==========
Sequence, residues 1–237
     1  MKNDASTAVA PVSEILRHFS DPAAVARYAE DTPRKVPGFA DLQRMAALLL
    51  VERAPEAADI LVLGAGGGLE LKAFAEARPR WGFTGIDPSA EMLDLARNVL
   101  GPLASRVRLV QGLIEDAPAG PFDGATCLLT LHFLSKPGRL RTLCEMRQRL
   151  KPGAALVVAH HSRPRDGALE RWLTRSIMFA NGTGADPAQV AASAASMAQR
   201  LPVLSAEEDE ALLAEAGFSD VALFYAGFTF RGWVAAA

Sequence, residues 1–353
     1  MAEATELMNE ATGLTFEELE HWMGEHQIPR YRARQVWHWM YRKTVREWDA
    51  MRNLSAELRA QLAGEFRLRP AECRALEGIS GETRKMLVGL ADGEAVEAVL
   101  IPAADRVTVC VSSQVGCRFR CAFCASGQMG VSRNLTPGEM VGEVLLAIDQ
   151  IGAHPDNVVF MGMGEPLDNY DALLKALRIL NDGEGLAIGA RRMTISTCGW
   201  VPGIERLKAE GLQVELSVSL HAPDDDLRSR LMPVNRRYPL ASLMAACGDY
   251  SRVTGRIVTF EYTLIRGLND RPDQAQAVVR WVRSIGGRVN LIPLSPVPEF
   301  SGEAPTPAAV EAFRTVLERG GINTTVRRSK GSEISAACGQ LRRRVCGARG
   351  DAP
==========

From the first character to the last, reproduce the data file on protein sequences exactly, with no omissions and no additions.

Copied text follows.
Sequence, residues 1–237
     1  MKNDASTAVA PVSEILRHFS DPAAVARYAE DTPRKVPGFA DLQRMAALLL
    51  VERAPEAADI LVLGAGGGLE LKAFAEARPR WGFTGIDPSA EMLDLARNVL
   101  GPLASRVRLV QGLIEDAPAG PFDGATCLLT LHFLSKPGRL RTLCEMRQRL
   151  KPGAALVVAH HSRPRDGALE RWLTRSIMFA NGTGADPAQV AASAASMAQR
   201  LPVLSAEEDE ALLAEAGFSD VALFYAGFTF RGWVAAA

Sequence, residues 1–353
     1  MAEATELMNE ATGLTFEELE HWMGEHQIPR YRARQVWHWM YRKTVREWDA
    51  MRNLSAELRA QLAGEFRLRP AECRALEGIS GETRKMLVGL ADGEAVEAVL
   101  IPAADRVTVC VSSQVGCRFR CAFCASGQMG VSRNLTPGEM VGEVLLAIDQ
   151  IGAHPDNVVF MGMGEPLDNY DALLKALRIL NDGEGLAIGA RRMTISTCGW
   201  VPGIERLKAE GLQVELSVSL HAPDDDLRSR LMPVNRRYPL ASLMAACGDY
   251  SRVTGRIVTF EYTLIRGLND RPDQAQAVVR WVRSIGGRVN LIPLSPVPEF
   301  SGEAPTPAAV EAFRTVLERG GINTTVRRSK GSEISAACGQ LRRRVCGARG
   351  DAP